• 2007
    The final count against Bunting and Wagner—that of murdering Suzanne Allen—was dropped on 7 May 2007, when a jury had been unable to reach a verdict.
    More Details Hide Details Justice Martin determined that Bunting was the ringleader, and sentenced him to 11 consecutive terms of life imprisonment without the possibility of release on parole. Wagner was sentenced to 10 consecutive terms under the same conditions, and at his sentencing, he stated from the dock: "Paedophiles were doing terrible things to children. The authorities didn't do anything about it. I decided to take action. I took that action. Thank you." Vlassakis was sentenced to four consecutive life sentences with a non-parole period of 26 years and Haydon was sentenced to 25 years with no possibility of parole for 18 years. More than 250 suppression orders prevented publication of the details of this case. In early 2011, a judge lifted the remaining orders in response to a request by the producers of the film Snowtown, a dramatisation depicting the murders and the events leading up to them.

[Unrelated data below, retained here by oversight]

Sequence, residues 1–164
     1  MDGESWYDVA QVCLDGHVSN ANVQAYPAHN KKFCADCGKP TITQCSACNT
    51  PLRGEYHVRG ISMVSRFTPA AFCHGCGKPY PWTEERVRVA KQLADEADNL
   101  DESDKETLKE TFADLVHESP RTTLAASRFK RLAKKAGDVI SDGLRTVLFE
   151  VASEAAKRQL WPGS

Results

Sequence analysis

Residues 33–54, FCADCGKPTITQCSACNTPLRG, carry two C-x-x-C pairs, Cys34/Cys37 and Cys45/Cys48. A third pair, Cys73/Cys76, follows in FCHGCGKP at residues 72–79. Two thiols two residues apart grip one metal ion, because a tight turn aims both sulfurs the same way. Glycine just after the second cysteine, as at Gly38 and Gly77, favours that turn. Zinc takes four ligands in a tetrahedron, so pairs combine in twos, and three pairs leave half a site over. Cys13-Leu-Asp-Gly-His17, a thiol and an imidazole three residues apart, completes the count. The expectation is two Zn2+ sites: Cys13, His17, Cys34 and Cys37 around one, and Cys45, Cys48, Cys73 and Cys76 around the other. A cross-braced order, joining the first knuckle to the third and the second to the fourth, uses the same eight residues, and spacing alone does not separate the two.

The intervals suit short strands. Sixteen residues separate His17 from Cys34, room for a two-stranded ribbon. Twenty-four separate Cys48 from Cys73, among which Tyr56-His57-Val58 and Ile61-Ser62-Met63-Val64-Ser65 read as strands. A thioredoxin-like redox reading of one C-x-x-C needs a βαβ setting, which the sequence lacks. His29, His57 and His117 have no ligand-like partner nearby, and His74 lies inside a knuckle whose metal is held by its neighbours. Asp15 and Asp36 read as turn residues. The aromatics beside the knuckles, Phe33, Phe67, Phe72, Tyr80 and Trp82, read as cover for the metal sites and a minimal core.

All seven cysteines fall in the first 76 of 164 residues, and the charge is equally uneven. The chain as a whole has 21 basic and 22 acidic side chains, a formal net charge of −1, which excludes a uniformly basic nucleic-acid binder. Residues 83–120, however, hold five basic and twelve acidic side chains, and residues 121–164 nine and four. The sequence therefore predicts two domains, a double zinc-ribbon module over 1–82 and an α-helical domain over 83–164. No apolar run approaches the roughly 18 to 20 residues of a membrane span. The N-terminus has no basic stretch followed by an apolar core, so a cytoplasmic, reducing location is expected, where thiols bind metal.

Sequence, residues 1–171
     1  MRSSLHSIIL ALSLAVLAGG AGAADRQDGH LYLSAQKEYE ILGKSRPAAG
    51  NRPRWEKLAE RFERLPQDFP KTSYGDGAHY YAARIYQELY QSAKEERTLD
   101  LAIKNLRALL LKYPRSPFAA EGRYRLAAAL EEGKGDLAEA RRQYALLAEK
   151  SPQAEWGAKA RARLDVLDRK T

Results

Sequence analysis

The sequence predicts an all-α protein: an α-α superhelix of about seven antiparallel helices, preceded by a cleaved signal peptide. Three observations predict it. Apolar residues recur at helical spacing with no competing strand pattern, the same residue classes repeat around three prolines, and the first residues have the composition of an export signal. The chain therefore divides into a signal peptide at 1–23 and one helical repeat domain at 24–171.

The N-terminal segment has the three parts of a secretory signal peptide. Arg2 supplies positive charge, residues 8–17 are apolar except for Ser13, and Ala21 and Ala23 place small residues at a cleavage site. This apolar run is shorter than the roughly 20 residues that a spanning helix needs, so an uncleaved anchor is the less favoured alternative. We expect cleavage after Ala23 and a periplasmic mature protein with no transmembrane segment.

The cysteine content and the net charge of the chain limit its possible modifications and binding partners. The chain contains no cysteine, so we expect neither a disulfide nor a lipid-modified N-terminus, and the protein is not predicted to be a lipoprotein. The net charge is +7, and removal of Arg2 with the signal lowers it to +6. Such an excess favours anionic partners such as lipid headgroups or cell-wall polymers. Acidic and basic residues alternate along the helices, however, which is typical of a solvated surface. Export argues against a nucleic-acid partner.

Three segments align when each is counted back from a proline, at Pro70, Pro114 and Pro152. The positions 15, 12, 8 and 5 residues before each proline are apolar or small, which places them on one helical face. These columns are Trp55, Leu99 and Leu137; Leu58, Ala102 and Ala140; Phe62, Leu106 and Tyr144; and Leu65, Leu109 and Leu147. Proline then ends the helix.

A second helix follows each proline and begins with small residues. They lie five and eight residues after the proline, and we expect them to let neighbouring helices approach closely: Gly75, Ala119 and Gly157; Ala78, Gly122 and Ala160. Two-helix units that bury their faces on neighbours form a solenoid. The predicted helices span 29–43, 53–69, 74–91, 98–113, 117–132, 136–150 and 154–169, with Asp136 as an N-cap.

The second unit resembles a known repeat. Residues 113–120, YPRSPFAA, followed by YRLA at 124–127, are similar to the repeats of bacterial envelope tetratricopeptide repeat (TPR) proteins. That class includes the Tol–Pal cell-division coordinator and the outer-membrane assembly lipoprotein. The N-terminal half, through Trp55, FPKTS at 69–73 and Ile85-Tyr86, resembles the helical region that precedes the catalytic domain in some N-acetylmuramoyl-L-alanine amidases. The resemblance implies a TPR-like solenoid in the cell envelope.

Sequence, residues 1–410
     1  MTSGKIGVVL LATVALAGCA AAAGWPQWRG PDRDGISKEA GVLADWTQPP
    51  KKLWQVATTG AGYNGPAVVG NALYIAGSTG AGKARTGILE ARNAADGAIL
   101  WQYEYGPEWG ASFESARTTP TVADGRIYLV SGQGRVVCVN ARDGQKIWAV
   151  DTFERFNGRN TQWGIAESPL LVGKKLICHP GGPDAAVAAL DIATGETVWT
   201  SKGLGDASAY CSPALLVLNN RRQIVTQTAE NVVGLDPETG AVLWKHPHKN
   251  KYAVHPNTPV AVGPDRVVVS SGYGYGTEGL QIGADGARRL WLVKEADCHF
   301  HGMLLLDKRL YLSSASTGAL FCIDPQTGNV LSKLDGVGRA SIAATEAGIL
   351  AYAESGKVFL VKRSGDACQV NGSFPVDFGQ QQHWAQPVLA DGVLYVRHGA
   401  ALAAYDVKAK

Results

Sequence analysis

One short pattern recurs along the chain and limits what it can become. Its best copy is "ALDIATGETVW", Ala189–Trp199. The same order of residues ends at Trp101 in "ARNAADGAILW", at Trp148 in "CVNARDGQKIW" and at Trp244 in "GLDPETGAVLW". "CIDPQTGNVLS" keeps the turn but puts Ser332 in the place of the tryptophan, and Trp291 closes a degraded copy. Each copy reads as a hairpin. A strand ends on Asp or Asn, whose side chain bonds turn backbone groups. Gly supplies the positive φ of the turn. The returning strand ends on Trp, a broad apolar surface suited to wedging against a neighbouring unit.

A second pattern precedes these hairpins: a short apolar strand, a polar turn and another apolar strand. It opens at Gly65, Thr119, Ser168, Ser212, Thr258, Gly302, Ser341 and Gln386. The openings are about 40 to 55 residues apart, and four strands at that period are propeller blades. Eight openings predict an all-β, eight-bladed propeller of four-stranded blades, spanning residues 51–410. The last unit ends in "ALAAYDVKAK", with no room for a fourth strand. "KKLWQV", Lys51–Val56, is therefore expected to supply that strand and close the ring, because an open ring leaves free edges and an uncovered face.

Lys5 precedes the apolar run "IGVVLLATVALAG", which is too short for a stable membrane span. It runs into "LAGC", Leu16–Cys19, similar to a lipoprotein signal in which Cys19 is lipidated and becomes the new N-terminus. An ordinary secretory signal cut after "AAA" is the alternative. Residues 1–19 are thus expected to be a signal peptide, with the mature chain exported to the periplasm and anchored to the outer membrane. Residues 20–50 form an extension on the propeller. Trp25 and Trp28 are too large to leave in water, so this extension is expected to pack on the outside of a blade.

• 2004
    In 2004, Haydon was convicted on five counts of assisting with the murders (of which he admitted to two).
    More Details Hide Details The jury did not come to a decision on two murder charges against Haydon, and another charge of assisting murder, at which the senior prosecutor, Wendy Abraham, indicated that she would seek a retrial on those charges.
  • 2003
    The trial of Bunting and Wagner lasted almost twelve months, the longest in the history of South Australia. In December 2003, Bunting was convicted of committing eleven murders, and Wagner of ten murders, of which he had confessed to only three.